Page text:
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CSS :not(:last-child):after Selector

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The : not(:last-child): after CSS selector is employed in front-end web development to style elements, specifically adding content after each child element except the last one. This selector is useful when we want to target elements that cannot be directly selected. It is commonly used to enhance styling and visual presentation in HTML layouts.

Approach:

  • .div .inner-div: Selects all the elements with class ‘inner-div’ inside elements with ‘div’ class. Here, all three divs have class ‘div’ with two children divs with class ‘inner-div’. It selects all six div element with class name ‘inner-div’.
  • :not(:last-child) 
    • The :not() selector excludes the element passed to it from selection.
    • The :last-child selector selects the last child.
    • Combining these two above selector to excludes the last children (inner-div) of every parent div from the selection.
  • :after This is a great selector to add content (or sometimes, even block-level elements) after the selected elements (Here the first inner-div in every set of inner-divs). So, the content ‘not in the bottom div’ is indeed only added in the top div and not in the bottom div.

Example 1: This example shows the uses of: not(:last-child): after selector with the help of an HTML document. 

HTML

<!DOCTYPE html>
<html>
 
<head>
    <style>
        div {
            width: 100px;
            height: 100px;
            outline: 1px solid;
            margin: 10px;
            box-shadow: 0 0 5px black;
            background: green;
            font-family: 'Segoe UI', sans-serif;
            display: flex;
            flex-direction: column;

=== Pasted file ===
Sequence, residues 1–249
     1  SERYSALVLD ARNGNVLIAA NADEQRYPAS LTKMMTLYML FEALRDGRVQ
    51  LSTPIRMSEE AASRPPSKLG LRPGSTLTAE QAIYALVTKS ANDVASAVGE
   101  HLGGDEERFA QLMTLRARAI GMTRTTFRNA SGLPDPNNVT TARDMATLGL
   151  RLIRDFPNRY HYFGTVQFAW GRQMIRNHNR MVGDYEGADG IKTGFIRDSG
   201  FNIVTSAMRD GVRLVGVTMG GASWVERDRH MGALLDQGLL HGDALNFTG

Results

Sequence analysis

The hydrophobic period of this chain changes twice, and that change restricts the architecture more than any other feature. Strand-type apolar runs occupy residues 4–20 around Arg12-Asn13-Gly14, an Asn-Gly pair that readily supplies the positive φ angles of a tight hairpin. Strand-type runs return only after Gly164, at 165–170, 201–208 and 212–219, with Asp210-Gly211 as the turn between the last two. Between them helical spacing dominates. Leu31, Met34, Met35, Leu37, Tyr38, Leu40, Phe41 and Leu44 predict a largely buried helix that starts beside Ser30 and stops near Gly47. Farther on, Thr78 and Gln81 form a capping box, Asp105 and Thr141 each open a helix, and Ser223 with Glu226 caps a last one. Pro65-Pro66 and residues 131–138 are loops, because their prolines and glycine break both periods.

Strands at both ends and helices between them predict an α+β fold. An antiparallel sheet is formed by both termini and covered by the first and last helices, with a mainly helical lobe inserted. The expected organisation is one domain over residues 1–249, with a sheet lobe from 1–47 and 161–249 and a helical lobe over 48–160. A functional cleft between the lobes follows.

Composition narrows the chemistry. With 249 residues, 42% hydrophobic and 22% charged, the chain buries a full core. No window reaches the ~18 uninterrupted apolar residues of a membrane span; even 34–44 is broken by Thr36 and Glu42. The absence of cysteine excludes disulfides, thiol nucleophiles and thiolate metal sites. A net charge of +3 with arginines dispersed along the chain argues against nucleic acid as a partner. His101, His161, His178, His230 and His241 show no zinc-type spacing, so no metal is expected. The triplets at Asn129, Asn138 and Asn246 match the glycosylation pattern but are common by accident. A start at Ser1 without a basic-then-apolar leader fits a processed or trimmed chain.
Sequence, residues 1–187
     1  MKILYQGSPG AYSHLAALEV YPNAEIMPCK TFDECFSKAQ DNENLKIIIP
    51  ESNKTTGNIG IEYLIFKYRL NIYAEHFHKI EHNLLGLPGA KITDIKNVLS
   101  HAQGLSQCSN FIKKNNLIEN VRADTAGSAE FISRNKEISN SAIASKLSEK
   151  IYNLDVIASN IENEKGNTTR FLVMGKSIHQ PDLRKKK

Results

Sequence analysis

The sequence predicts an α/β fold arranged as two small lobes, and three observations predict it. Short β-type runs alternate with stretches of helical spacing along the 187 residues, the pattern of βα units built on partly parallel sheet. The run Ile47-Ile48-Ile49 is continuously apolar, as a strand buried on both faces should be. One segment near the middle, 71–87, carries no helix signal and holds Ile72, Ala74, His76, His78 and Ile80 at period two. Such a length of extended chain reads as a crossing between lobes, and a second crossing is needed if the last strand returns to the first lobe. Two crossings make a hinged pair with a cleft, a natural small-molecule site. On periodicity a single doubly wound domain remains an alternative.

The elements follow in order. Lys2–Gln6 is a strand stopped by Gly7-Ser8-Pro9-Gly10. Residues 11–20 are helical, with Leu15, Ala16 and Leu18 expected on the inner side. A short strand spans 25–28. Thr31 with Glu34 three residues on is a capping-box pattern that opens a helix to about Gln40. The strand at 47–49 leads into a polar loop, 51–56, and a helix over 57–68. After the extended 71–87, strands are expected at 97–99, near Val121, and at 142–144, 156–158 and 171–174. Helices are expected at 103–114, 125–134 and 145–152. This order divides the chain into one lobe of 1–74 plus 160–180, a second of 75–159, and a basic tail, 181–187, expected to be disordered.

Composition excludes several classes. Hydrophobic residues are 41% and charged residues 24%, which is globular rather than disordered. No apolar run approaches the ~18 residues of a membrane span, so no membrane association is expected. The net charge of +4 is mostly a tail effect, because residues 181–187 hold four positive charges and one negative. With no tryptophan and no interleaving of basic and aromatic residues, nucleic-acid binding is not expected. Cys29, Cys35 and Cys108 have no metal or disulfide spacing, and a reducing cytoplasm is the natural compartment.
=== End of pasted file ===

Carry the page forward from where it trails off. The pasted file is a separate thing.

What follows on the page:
justify-content: space-around;
            align-items: center;
        }
 
        .inner-div {
            width: 90%;
            height: 45%;
            background: white;
            margin: 0 auto;
            padding-left: 2px;
        }
 
        .div .inner-div:not(:last-child):after {
            content: 'not in the bottom div';
        }
    </style>
</head>
 
<body>
    <div class="div">
        <div class="inner-div"></div>
        <div class="inner-div"></div>
    </div>
    <div class="div">
        <div class="inner-div"></div>
        <div class="inner-div"></div>
    </div>
    <div class="div">
        <div class="inner-div"></div>
        <div class="inner-div"></div>
    </div>
</body>
 
</html>

                    

Output:

Example 2: This example creates a simple div element. It does not use: not(:last-child): after selector. 

html

<!DOCTYPE html>
<html>
 
<head>
    <title>CSS :not(:last-child):after Selector</title>
    <style>
        div {
            width: 100px;
            height: 100px;
            outline: 1px solid;
            margin: 10px;
            box-shadow: 0 0 5px black;
            background: green;
            font-family: 'Segoe UI', sans-serif;
            display: flex;
            flex-direction: column;
            justify-content: space-around;
            align-items: center;
        }
 
        .inner-div {
            width: 90%;
            height: 45%;
            background: white;
            margin: 0 auto;
            padding-left: 2px;
        }
    </style>
</head>
 
<body>
    <div class="div">
        <div class="inner-div"></div>
        <div class="inner-div"></div>
    </div>
    <div class="div">
        <div class="inner-div"></div>
        <div class="inner-div"></div>
    </div>
    <div class="div">
        <div class="inner-div"></div>
        <div class="inner-div"></div>
    </div>
</body>
 
</html>

                    

Output: 

Example 3: This example shows the use of inserting || beside the list of courses by using CSS :not(:last-child):after Selector.

html

<!DOCTYPE html>
<html>
 
<head>
    <title>CSS :not(:last-child):after Selector</title>
    <style>
        body {
            text-align: center;
        }
 
        h1 {
            color: green;
        }
 
        li:not(:last-child):after {
            content: ' || ';
            font-weight: 700;
        }
 
        li {
            display: inline;
        }
    </style>
</head>
 
<body>
 
    <h1>GeeksforGeeks</h1>
    <h3>CSS :not(:last-child):after Selector</h3>
    <div>GeeksforGeeks Subjects</div>
 
    <ul>
        <li>Data Structure</li>
        <li>Algorithm</li>
        <li>HTML</li>
        <li>CSS</li>
        <li>JavaScript</li>
    </ul>
</body>

                    

Output: 

Supported Browsers:

  • Google Chrome 4
  • Edge 12
  • Firefox 3.5
  • Opera 9
  • Safari 3.1 

CSS is the foundation of webpages, is used for webpage development by styling websites and web apps.You can learn CSS from the ground up by following this CSS Tutorial and CSS Examples.



Last Updated : 25 Jan, 2024
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